I spent the next six months working around the clock. Building websites for the label during the day, coding Bandzoogle at night and weekends. Bandzoogle officially went online in November, 2003.

A few weeks later, MySpace launched. A free website builder for bands. Arg.

image from uca4786195ff0646b723fac1e14f.previews.dropboxusercontent.comThe original Bandzoogle webpage from 2003

I took a gamble to stick it out. MySpace was very limited, and required users to customize their pages via HTML code. While we couldn't match their social platform, I knew that Bandzoogle was easier to use, and bands would own the end result. I doubled down on building out features to differentiate Bandzoogle.

Despite the competition, our membership grew. We didn’t have a budget to market Bandzoogle back then, but our members were telling their friends about us. That kind of word-of-mouth marketing was key to our growth the first few years.

The company also grew with its first employees. Keith (the guitarist from our band) joined to handle support, and Eli became our first developer. The company hit profitability almost exactly a year after it launched.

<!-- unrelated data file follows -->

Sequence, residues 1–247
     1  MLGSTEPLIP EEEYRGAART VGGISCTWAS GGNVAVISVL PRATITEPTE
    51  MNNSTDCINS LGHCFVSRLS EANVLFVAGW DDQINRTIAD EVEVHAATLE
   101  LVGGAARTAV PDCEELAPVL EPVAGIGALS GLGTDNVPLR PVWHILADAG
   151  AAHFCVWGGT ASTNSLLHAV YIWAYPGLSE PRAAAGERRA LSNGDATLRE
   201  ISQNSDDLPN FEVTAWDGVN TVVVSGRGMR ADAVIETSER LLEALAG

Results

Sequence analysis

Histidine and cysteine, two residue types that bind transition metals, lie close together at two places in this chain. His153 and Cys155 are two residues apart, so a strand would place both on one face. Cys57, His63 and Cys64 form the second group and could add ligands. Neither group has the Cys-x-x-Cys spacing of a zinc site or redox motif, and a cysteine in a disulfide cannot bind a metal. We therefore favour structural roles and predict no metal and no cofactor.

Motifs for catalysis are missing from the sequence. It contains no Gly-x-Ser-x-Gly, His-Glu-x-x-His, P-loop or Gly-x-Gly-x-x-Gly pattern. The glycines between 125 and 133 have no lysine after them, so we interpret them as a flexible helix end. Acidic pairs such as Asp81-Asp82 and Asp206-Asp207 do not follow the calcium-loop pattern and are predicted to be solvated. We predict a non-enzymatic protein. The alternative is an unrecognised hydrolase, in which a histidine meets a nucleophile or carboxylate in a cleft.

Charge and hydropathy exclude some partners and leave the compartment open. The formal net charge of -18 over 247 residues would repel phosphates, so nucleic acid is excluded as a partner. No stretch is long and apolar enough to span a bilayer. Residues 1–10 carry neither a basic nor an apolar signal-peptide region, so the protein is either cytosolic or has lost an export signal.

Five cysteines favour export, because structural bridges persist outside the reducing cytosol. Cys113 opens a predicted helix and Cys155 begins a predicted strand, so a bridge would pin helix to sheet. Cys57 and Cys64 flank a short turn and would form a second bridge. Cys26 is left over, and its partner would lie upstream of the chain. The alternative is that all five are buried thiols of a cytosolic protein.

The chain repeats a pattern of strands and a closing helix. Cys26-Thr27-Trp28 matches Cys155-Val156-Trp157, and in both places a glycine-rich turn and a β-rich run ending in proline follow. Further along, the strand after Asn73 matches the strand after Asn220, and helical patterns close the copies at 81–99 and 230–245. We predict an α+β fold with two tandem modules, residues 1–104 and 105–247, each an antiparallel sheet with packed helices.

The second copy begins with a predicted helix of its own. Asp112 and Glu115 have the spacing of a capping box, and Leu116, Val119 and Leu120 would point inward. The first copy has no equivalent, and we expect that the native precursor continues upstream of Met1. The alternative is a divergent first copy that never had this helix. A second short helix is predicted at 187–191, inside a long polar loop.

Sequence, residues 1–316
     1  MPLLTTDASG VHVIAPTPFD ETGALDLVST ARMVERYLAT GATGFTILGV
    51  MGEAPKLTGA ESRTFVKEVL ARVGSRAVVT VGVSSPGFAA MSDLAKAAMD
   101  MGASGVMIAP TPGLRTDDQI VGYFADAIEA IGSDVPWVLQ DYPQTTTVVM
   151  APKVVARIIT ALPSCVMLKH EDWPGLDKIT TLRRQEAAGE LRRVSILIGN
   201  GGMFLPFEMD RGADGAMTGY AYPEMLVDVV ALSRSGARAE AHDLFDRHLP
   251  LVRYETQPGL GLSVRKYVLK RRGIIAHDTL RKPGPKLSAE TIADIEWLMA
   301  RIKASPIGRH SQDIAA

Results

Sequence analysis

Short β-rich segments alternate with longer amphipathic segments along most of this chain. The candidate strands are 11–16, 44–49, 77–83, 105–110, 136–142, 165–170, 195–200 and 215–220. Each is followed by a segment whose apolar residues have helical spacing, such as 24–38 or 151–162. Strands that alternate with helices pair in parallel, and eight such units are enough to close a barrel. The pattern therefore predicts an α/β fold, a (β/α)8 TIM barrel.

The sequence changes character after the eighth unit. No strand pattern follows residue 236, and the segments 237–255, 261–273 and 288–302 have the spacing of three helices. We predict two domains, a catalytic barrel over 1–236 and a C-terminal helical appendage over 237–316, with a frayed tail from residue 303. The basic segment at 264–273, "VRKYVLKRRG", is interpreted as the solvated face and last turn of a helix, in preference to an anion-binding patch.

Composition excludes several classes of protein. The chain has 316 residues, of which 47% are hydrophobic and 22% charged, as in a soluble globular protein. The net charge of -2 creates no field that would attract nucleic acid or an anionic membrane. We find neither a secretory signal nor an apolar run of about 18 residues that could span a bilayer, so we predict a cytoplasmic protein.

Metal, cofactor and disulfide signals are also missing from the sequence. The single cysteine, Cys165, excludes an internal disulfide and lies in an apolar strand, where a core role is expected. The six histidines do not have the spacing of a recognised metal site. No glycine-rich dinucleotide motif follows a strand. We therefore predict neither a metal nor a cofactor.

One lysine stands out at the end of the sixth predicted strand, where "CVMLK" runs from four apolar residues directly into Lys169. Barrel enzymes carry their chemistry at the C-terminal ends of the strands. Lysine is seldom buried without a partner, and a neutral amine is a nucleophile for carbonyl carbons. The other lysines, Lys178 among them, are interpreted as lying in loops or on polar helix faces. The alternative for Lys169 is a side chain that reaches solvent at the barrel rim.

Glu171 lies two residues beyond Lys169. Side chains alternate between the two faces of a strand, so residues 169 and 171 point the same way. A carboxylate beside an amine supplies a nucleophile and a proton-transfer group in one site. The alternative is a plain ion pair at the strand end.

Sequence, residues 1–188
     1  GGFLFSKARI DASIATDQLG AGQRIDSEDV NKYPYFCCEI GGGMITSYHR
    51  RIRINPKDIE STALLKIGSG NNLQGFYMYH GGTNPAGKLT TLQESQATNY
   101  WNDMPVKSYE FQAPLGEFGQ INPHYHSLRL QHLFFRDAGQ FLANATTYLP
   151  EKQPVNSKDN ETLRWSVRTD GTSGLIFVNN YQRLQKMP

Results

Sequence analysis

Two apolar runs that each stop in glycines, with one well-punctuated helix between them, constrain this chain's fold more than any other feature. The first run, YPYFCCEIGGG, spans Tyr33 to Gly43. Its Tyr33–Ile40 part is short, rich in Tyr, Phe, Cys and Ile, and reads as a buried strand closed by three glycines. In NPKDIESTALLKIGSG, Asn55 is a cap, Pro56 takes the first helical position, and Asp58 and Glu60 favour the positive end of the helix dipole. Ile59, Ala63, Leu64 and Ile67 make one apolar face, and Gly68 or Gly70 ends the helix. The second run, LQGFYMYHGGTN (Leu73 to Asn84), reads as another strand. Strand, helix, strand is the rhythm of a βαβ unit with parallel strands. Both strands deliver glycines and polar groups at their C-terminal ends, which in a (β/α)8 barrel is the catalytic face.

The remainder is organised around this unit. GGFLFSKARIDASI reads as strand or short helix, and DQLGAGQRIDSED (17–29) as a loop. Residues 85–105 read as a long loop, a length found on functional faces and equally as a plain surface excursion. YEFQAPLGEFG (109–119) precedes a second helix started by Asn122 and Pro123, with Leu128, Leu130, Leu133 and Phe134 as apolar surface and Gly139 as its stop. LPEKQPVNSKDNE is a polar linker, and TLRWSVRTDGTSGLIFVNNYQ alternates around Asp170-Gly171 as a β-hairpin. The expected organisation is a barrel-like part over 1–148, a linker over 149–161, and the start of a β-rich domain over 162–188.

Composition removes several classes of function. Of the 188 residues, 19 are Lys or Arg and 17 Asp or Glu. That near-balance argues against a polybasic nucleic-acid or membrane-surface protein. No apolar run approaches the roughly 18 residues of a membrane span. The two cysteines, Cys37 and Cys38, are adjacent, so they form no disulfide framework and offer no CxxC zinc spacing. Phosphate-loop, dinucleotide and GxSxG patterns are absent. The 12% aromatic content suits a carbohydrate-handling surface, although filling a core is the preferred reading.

I knew that Bandzoogle had the potential to grow into a great business — and that I had to buy out the record label's 50% share. Surprisingly, they were very generous in giving me an option to do this.

This was a turning point in Bandzoogle's history. Without this deal, Bandzoogle would never have grown to where it is today. Thanks to Donald, Oko, and Matt at DKD for making Bandzoogle possible.

But this came with a new problem… I needed money, again. This time a big chunk to buy them out.

The biggest gamble of all… I asked my retired parents to borrow most of their savings to buy Bandzoogle from the label. Amazingly, they said yes. Looking back, it was a crazy ask. At the time I figured that if it didn't work out, I could work for a few decades to pay it back. Lucky for me, it paid off (it paid off for them too…)